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Michael Harbottle

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Batting style  Left-handed
Role  Cricket Player
1938  Army
Education  Marlborough College
1936–1956  Dorset
Name  Michael Harbottle

Full name  Michael Neale Harbottle
Born  7 February 1917 (1917-02-07) Littlehampton, Sussex, England
Died  April 30, 1997, Oxford, United Kingdom
Books  The Blue Berets, The impartial soldier

Bowling style  Left-arm orthodox spin

Brigadier Michael Neale Harbottle, OBE (7 February 1917 – 30 April 1997) was a senior British Army officer who was chief of staff of the United Nations Peacekeeping Force in Cyprus from 1966 to 1968, a peace campaigner and amateur cricketer.


Early life

Harbottle was born in Littlehampton, Sussex, and educated at Marlborough College from 1930 to 1935. He was rejected by the Navy because he suffered from bunions but he was accepted by the Royal Military College, Sandhurst, where he studied from 1935 to 1937. He was commissioned into the Oxfordshire and Buckinghamshire Light Infantry in 1937.

Cricket career

Harbottle was a left-handed batsman who bowled slow left-arm orthodox. He was a talented player at Marlborough, and captained the Sandhurst XI.

He played a first-class cricket match for the Army in 1937 against Oxford University. He had considerable success in the match, scoring 156 runs in his only first-class innings, before being dismissed by Desmond Eagar. He also played for Dorset at a Minor counties level from 1937 to 1956, although infrequently due to his military commitments. He played cricket for the army until 1959 and captained the team in that year.

He is the only English cricketer to score a century in his only first-class innings.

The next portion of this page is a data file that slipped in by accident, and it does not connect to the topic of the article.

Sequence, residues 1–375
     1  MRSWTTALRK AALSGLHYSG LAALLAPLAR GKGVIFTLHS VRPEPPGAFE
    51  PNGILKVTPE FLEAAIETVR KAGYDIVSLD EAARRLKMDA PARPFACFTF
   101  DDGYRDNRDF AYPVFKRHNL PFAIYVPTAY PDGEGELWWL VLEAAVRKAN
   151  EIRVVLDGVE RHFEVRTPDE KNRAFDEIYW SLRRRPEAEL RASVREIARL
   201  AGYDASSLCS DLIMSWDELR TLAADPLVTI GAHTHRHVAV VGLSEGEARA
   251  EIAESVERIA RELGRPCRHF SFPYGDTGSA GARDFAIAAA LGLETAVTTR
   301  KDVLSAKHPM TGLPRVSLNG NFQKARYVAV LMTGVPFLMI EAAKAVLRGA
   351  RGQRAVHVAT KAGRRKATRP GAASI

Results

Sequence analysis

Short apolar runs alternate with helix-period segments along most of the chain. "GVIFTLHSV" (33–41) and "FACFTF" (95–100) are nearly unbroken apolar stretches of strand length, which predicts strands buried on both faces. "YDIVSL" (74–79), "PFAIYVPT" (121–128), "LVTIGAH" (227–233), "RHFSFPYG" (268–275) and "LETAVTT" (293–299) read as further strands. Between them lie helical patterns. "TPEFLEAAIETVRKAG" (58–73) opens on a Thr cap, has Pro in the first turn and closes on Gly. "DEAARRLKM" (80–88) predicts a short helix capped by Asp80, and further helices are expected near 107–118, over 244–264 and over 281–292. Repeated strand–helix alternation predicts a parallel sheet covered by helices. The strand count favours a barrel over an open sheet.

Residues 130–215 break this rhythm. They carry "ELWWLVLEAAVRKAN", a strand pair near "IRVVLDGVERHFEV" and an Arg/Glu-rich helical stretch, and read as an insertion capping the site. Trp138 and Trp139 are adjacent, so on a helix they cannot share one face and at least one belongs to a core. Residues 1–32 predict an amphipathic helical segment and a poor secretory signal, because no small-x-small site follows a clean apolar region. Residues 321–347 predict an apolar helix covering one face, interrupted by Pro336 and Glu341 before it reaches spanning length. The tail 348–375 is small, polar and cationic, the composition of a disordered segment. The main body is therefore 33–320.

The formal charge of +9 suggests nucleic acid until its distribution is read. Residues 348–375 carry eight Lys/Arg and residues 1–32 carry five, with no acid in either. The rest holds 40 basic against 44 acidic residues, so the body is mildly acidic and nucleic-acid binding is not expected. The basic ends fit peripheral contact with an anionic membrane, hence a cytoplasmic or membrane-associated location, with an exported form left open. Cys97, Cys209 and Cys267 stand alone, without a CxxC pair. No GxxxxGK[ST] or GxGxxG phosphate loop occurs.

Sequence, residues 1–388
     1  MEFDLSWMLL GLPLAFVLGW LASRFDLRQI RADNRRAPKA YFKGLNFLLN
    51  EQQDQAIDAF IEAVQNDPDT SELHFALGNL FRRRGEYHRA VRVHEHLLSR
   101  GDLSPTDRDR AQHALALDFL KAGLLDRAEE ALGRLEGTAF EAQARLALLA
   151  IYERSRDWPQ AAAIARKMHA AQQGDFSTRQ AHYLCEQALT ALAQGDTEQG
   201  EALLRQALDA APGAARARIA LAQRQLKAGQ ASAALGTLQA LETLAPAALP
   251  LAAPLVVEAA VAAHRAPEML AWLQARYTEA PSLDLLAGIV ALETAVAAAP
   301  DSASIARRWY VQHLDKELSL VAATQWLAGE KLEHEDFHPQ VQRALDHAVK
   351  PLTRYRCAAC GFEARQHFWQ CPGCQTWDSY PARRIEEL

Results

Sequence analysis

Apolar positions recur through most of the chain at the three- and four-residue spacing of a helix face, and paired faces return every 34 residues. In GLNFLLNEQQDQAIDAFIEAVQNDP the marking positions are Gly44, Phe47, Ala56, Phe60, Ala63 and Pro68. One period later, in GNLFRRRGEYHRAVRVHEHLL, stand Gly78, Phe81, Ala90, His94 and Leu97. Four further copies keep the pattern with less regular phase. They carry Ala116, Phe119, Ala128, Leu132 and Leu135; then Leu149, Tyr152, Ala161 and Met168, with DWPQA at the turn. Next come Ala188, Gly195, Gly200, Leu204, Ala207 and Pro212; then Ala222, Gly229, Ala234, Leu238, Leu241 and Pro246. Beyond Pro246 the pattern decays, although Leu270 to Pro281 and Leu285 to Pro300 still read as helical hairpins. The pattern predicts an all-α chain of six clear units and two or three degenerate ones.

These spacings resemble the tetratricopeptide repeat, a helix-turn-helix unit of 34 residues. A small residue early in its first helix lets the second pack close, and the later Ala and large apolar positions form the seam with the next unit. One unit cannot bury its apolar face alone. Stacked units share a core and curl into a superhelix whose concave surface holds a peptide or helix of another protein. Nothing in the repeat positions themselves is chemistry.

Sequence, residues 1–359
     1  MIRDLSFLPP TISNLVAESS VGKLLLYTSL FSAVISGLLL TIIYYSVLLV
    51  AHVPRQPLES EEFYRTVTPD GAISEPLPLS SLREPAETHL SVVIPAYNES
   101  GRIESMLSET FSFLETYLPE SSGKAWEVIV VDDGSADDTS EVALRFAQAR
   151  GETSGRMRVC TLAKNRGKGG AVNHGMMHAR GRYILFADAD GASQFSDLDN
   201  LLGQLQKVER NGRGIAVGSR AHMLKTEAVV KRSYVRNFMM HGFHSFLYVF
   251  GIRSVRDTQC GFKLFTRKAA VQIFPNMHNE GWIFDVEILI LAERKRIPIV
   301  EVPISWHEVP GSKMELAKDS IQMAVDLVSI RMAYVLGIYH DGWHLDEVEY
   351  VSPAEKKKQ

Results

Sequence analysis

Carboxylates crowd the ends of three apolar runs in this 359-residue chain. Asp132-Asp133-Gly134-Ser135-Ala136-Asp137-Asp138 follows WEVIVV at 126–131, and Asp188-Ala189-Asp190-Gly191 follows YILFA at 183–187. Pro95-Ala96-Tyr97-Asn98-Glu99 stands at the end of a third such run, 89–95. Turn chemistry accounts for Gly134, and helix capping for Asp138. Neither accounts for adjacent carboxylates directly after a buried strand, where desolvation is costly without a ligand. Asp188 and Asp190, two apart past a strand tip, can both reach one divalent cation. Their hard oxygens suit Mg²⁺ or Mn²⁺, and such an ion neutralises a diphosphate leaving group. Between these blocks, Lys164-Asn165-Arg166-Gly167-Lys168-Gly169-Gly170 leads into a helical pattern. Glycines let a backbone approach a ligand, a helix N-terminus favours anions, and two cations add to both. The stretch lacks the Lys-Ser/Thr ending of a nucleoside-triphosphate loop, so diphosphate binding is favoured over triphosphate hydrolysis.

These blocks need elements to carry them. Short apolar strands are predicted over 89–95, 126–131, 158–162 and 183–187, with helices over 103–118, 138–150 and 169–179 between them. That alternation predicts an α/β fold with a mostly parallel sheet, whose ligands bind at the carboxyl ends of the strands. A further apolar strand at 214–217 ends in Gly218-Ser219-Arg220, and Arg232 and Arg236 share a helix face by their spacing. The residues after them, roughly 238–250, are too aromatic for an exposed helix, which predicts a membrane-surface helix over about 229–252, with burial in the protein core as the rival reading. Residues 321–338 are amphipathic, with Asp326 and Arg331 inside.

Military career

He served in Italy during the Second World War as a company commander. He was wounded and in 1944 received a Mention in Despatches. Harbottle commanded the 1st Green Jackets (43rd and 52nd) at Knook Camp, near Warminster, Wiltshire, from 1959 to 1962 and was garrison commander in Aden from 1962 to 1964. He commanded 129 Infantry Brigade, TA, at Oxford, from 1964 to 1966. Harbottle was chief of staff of the UN Peacekeeping Force in Cyprus from 1966 to 1968. After two years in the post, the UN Secretary General U Thant requested that Harbottle remain as chief of staff of the UN Force in Cyprus; however, the Ministry of Defence declined to support his continuation in the role. He retired from the army in 1968.

He became chief security officer for a British-owned mining subsidiary of the Consolidated African Selection Trust in Sierra Leone. He wrote a book in 1976 titled The Knaves of Diamonds in which he provided his account of events in Sierra Leone during his time there.

Peace campaigner

He was vice president of the International Peace Academy from 1971 to 1973. Harbottle was visiting senior lecturer (peace studies) at Bradford University from 1974 to 1979. In 1978 he collated the Peacekeeper's Handbook, which the United Nations subsequently issued to more than 70 countries. He was vice president of the United Nations Association UK from 1974, and general secretary of the World Disarmament Campaign from 1980 to 1982. Harbottle took part in setting up Generals (Retired) for Peace and Disarmament in 1981. In 1983, he and his wife Eirwen Harbottle set up the Centre for International Peacebuilding. The fall of the Berlin Wall in November 1989 led to Harbottle becoming the coordinator for the Worldwide Consultative Association of Retired Generals and Admirals from 1991. Harbottle was the author and coauthor of a number of books on the United Nations, Peacekeeping and Disarmament. He lived in Chipping Norton, Oxfordshire. He was appointed OBE in 1959.

Harbottle married Alison Humfress in 1940, with whom he was to have one son and one daughter. He married Eirwen Simonds in 1972.

He died on 30 April 1997. A memorial service was held at St James's Church, Piccadilly, London, on 8 July 1997. The memorial address was given by Major-General James Lunt CBE.


  • The Impartial Soldier, London ; New York : Oxford Univ. Press, 1970. ISBN 0192149830
  • The Blue Berets, London : Leo Cooper, 1971 ISBN 0850520789
  • References

    Michael Harbottle Wikipedia

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